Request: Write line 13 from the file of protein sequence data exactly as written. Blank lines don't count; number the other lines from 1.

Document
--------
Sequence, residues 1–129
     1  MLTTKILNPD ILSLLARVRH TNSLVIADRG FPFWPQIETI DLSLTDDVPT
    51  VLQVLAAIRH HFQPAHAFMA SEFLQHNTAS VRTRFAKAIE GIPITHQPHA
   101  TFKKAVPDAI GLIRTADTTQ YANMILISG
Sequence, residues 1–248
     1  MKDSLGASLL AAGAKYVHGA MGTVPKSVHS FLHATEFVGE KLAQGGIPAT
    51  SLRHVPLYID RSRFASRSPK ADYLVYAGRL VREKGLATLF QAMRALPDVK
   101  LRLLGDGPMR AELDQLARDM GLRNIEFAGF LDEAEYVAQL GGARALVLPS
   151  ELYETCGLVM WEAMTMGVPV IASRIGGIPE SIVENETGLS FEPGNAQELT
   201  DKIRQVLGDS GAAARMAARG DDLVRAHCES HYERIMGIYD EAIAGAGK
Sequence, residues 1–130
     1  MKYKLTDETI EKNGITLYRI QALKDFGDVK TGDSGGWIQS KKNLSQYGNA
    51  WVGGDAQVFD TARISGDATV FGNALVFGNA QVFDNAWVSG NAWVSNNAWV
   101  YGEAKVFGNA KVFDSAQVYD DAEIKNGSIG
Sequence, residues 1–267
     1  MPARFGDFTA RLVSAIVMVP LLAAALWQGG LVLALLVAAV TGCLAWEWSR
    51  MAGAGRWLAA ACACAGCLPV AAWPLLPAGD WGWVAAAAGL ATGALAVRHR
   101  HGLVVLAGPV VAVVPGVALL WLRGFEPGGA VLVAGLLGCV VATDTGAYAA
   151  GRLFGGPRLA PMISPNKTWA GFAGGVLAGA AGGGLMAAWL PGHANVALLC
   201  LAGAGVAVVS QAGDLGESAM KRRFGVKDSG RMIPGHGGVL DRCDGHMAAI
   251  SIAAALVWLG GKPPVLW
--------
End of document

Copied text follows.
    51  WVGGDAQVFD TARISGDATV FGNALVFGNA QVFDNAWVSG NAWVSNNAWV